employment for the local community; and a plethora of birds - including nesting
spotted redshanks and collared pratincole, and stone curlews stopping off to
rest and refuel.
Salt production terminated in 2013 when the owner of the works declared
bankruptcy; but now the future of Ulcinj Salina is under question. One
controversial plan is to drain this migratory bird paradise, and convert the
site into a luxury tourist resort of hotels and golf courses. So far public
outcry and local NGO campaigns by CZIP (BirdLife Montenegro) have held off this
plan. But there is evidence of dirty dealings afoot: the salt pan pumps –
essential for maintaining optimal water levels for nesting and foraging birds –
have been vandalized and flamingo breeding areas have been raided and their
An international campaign – #SaveSalina
– is gathering support to pressure the Montenegrin government to declare
Ulcinj Salina a protected nature zone and reinstate salt protection for
wildlife and the local community. The European Union must ensure, as part of
Montenegro’s accession to the EU, that the wetland is not sold out to
unsustainable tourism, but becomes a protected area.
Zakynthos in Greece
Tourists and turtles arrive during the
same period on the beautiful sandy beaches of Zakynthos, an island
struggling to find the right balance between development and conservation. The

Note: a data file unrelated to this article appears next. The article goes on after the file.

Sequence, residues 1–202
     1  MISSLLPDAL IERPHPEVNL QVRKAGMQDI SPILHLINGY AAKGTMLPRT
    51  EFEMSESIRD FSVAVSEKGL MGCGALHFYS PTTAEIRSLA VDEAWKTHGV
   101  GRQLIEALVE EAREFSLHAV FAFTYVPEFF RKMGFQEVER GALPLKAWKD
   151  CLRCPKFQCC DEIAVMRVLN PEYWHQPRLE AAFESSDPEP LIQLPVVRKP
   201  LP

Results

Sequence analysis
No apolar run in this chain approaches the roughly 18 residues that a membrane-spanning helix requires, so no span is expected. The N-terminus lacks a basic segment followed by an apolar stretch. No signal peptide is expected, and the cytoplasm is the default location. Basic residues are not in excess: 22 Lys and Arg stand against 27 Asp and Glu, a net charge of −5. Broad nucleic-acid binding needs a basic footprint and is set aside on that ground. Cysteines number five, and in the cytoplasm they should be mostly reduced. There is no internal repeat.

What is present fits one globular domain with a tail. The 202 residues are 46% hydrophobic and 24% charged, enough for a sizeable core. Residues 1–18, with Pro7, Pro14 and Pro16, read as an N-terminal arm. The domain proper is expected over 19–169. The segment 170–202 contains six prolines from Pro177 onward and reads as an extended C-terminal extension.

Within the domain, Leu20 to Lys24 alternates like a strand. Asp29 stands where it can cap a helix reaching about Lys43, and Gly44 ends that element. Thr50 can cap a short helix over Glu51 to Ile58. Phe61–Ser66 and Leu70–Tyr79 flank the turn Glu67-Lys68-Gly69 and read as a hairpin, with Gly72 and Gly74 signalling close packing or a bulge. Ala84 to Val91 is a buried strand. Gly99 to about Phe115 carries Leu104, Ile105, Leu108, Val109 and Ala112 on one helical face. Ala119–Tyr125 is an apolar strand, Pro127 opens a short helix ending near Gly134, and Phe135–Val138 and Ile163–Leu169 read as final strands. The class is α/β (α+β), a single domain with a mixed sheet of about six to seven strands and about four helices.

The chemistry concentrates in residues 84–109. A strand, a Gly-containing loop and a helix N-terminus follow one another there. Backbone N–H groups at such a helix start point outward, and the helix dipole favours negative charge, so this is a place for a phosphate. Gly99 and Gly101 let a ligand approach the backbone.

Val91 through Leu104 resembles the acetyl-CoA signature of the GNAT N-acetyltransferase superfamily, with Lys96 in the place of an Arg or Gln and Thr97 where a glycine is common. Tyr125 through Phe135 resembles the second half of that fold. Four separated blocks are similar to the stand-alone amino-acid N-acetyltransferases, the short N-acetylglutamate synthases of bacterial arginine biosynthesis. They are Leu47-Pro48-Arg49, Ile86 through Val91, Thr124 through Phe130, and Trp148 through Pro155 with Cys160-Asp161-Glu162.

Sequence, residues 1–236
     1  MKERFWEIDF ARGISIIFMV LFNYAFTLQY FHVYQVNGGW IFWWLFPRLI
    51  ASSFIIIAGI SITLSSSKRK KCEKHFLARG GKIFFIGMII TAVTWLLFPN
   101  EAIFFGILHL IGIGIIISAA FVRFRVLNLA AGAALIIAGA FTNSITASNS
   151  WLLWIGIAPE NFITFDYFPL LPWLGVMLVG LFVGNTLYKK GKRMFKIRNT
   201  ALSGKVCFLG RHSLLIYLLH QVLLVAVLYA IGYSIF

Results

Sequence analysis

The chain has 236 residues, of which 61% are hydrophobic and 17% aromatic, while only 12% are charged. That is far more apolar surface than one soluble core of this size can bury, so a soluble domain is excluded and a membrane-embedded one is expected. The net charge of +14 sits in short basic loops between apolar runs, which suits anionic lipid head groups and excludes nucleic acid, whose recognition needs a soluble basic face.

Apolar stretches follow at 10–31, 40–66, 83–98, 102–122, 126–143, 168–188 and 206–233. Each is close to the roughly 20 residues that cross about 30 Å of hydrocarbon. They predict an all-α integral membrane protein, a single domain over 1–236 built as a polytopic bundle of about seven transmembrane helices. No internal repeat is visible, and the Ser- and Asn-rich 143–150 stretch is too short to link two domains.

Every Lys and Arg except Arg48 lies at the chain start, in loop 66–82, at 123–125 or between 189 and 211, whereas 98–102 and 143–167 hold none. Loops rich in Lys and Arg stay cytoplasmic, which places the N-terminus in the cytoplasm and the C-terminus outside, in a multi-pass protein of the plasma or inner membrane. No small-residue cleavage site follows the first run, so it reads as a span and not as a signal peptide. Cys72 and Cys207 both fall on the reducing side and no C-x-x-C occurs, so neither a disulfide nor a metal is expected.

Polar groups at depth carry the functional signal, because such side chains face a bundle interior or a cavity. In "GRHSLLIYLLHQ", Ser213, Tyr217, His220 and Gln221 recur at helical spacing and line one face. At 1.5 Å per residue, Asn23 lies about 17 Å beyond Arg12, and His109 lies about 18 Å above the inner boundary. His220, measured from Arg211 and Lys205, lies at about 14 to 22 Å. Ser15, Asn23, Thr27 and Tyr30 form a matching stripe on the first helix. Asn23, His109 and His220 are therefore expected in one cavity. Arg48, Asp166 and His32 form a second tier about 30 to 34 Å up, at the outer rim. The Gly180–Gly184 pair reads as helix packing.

National Marine Park on the south side of the island hosts the Mediterranean’s
most important nesting area for loggerhead turtles.
Enforcement of EU nature laws has helped to protect the area. But still,
these nesting grounds are under constant threat from tourism demands, combined
with weak nature management. Illegal coastal developments, such as beach
enterprises and road constructions threaten these sensitive nesting grounds; as
do breaches of the protection rules, such as excessive beach furniture, night
access to beaches and uncontrolled maritime traffic.
The good news is that the European Commission has twice successfully taken legal
action to protect Zakynthos nature. But since then, compliance with the court’s
decisions have been unstable. The European Commission monitors the situation on
Zakynthos regularly, but without taking any action. It must review the
effectiveness of management and warden measures to ensure EU nature laws are
Tourism FOR nature
We all enjoy visiting beautiful places.
It’s good for our well-being. Sustainable tourism can be good for nature too.
In some cases, it is a lifeline and a local economic alternative that can
support nature conservation and jobs. Sustainable tourism that works in harmony
with nature conservation is possible, and necessary.
But to preserve the beautiful places we
love to visit, tourism developments must be carefully controlled to meet nature
Where EU protected sites, species and
ocean zones are involved, the EU nature laws are a vital framework of
regulations that should ensure this. But they need full implementation and
enforcement. EU Environment Commissioner Vella must push EU Member States to
implement the Directives and to complete the designation of the marine Natura
2000 network and ensure its effective management. In his last days in post, he
still has a chance to leave a legacy and clamp down on unsustainable tourism
developments by stepping up
enforcement and challenging breaches of the law.
Preserving Europe’s natural treasures for all of us and for the future.